For most people, Peru is Machu Picchu. It's understandable: the site's location and prominence has earned it a place as one of the world's most iconic places.

But it's also a shame that this one set of ruins and the surrounding Sacred Valley has virtually eclipsed the rest of the country. Not only because Peru is a fascinating place itself, but also because it's absolutely jam packed with other ruins and historical sites – some of which rival Machu Picchu in their scale and beauty.

Exploring Peru's archeological sites beyond the small cluster around Machu Picchu and the Sacred Valley opens up much more of the country’s unique history and the long line of pre-Columbian civilisations that pre-dated the Inca by centuries, possibly millennia. From the feline-obsessed religious ideology of Chavín de Huántar to the cloud forest Chachapoyas warriors and Kuélap, there is so much more to the country's pre-Columbian story.

Here's our essential guide to Peru's best ruins and alternatives to Machu Picchu.

Peru Choquequirao mist

Choquequirao, not far from Machu Picchu and equally impressive, receives a fraction of the visitors

Alternatives to Machu Picchu

Visiting Peru's lesser known, archeological sites

It's a given that any trip to Peru will include a visit to the Sacred Valley and Machu Picchu. Just remember, Peru’s archaeological brilliance extends far beyond its famous Inca ruins. If you can, try to spare some time to venture further afield and see any of the following historical sites.


The remnants of Caral, thought to pre-date Machu Picchu by several thousand years


Caral is a prehistoric city founded around 3000 BC in the Supe River valley, some three hours north of Lima. It’s a place of scant aesthetic distinction: parched brown sand flats, a few crumbling pyramids, and little else.

Nor is much known of the people who built it, who lack even an agreed-upon name. Yet Caral’s importance is incalculable, for it’s one of only a handful of places on the planet where humans crossed what archaeologists call ‘the great divide’ — where civilisation spontaneously arose out of its opposite.

Caral is not immediately prepossessing and most of the structures are severely decayed—unsurprisingly, given their extreme antiquity—so that the overall sense is one of desolation. But this initial glimpse is deceiving. In reality, the closer you get, the more Caral fascinates.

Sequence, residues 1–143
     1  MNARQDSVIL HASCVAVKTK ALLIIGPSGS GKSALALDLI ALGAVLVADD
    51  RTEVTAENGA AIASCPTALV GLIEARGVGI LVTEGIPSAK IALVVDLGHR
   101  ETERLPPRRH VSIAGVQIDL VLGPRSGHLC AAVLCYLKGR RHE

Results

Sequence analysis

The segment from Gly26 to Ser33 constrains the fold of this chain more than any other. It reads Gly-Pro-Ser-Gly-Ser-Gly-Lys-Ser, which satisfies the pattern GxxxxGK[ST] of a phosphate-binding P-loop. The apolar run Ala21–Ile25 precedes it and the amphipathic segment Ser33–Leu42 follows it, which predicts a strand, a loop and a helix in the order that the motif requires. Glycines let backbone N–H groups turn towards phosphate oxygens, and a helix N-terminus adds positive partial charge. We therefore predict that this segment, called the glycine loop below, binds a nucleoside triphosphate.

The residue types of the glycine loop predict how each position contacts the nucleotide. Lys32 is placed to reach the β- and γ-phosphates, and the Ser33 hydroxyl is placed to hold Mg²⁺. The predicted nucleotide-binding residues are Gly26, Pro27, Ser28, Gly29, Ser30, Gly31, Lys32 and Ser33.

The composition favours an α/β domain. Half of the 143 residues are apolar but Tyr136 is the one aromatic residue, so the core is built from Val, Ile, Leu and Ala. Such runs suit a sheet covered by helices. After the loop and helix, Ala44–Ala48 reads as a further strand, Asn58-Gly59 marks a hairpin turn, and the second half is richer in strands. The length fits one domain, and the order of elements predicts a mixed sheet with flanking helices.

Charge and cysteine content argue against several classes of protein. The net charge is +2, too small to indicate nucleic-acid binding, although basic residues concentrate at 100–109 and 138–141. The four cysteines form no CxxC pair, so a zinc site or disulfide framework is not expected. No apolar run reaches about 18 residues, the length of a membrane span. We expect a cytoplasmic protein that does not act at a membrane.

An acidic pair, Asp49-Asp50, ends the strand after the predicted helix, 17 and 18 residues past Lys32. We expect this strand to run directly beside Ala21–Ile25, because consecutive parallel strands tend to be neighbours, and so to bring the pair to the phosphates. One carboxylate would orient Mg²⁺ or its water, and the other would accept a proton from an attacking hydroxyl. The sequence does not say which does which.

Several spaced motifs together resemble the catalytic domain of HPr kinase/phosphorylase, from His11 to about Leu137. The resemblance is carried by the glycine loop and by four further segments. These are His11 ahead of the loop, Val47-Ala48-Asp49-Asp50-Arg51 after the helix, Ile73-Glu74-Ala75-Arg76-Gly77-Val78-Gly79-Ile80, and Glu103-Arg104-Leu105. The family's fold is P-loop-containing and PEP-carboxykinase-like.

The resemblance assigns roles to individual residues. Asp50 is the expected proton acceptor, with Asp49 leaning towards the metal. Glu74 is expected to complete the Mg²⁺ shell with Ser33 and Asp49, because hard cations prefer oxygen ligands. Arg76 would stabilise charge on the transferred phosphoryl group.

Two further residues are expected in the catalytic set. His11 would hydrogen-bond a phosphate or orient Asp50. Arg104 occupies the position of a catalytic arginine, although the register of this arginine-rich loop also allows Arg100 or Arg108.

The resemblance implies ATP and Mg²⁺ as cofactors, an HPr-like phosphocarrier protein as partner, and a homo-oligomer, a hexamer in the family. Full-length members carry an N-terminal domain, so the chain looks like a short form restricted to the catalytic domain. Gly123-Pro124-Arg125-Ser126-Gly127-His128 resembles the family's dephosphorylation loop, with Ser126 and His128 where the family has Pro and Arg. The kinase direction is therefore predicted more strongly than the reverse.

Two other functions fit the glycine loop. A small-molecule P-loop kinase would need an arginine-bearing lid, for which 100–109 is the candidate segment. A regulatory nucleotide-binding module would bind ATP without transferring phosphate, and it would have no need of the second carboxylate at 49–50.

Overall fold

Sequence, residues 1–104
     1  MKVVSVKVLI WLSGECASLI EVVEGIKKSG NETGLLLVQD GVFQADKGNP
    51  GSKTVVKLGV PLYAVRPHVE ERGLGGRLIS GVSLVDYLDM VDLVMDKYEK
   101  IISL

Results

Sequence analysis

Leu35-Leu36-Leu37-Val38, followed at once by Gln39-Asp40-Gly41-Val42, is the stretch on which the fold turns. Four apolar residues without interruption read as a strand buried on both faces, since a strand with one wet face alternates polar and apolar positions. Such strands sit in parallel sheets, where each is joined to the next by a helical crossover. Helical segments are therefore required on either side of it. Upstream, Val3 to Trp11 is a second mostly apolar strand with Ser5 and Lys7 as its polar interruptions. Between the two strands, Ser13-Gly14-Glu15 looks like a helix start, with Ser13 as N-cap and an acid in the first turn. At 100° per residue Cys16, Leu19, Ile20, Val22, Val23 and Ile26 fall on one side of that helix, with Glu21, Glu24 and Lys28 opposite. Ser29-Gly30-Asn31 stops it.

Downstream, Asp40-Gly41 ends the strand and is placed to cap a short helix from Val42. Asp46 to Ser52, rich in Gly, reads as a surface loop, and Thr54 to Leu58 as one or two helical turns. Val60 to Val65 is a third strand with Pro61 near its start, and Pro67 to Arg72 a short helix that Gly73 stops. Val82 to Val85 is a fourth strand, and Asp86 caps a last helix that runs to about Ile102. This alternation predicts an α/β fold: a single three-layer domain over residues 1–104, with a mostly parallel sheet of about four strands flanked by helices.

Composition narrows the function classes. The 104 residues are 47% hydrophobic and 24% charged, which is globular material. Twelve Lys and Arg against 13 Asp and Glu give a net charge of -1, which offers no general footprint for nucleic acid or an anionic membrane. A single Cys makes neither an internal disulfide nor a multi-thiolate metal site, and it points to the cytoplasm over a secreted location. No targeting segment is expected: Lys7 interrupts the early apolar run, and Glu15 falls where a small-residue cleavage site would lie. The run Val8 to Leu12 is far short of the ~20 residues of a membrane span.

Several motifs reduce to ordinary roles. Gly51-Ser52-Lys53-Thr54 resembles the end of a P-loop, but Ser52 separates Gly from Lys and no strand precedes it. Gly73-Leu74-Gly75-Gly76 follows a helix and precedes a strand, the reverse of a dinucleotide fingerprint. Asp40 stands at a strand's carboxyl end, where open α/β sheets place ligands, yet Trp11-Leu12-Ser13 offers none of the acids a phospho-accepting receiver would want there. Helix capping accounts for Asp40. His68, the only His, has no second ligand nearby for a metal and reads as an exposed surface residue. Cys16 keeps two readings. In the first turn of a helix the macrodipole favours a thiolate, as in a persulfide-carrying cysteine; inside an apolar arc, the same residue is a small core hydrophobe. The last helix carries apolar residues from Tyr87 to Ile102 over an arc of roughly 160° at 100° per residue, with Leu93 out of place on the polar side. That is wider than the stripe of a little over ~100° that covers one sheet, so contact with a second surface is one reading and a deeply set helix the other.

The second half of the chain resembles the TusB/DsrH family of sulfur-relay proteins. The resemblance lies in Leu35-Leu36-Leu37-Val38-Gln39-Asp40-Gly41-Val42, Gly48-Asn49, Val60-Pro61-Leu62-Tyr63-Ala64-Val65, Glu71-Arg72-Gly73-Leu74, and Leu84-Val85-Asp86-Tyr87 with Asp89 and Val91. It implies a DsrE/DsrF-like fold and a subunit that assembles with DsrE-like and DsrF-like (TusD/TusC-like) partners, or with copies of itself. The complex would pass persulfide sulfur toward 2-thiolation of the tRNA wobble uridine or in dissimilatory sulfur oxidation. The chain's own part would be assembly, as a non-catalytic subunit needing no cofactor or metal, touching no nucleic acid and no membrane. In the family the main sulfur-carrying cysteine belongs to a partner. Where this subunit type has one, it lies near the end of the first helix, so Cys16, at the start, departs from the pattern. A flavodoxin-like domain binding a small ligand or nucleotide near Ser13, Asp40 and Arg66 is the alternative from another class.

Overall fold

Most visitors to Caral spend four or five hours at the site. However, the outing is almost inevitably an all-day affair, since the trip from Lima (the most common point of departure) takes roughly three hours each way. An early start will guarantee you sufficient time to walk around.


Chan Chan was the largest pre-Columbian city ever built

Chan Chan

Chan Chan was constructed by the Chimú, a powerful, visionary civilisation that arose after the fall of the Moche in the ninth century A.D.

In the wake of a disastrous El Niño event circa 1150, the Chimú began an aggressive campaign of expansion, incorporating several nearby cultures into their economy and swelling Chan Chan itself to cover some eight square miles. In 1470, just when the city was at its peak, the Inca overran it and took its rulers and artisans prisoner. The Chimú are now no more, but their surreal architecture remains, half-buried beneath scorching desert sands.

Arriving at Chan Chan today from the modern city of Trujillo, most of what you see are mud-brick mounds, severely eroded by wind and rain. These are the former outskirts of Chan Chan, and could easily be mistaken for red-clay hummocks. Upon entering the complex, rectangular walls appear, but it’s only after passing through the narrow openings of these walls that the site’s full majesty reveals itself.

For most visitors, half a day should suffice to see the site. Allow three to four hours — more if you want to see the archaeological museum outside the complex’s grounds.

Peru Chavín de Huántar gate

Chavín de Huántar: "The birthplace of South American culture"

Chavín de Huántar

“The birthplace of South American culture” — such was the great Peruvian archaeologist Julio C. Tello’s epithet for Chavín de Huántar. Time may have qualified his judgment, but it’s done nothing to alter its basic rightness.

Chavín de Huántar was built by the Chavín people, a prehistoric Andean culture that takes its name from the site and that flourished between 900 and 200 BC. Most archaeologists believe the site was constructed in two stages: the so-called Old Temple took shape from 1,000 to 500 BC, while the adjoining New Temple was added between 500 and 200 BC. The resultant complex was in its day the most important pilgrimage destination in the Andes: worshippers would travel thousands of miles to participate in its sacred rituals and consult its oracle. Meanwhile, Chavín textiles, metalwork, and ceramics served to spread the monotheistic cult of a bizarre fanged deity throughout Peru.

The Chavín ruins are not especially impressive at first glance. Yet as one gets closer, one senses the place’s uncanny spiritual presence. The first sight upon arrival is a vast sunken courtyard, grass-covered and flanked by platforms. Next comes the grey-brown sandstone face of the New Temple, with its columned portal and protective scaffolding. Finally, continuing to the right, one arrives at the Old Temple, with another sunken courtyard. Not much to look at — but the true payoff is inside.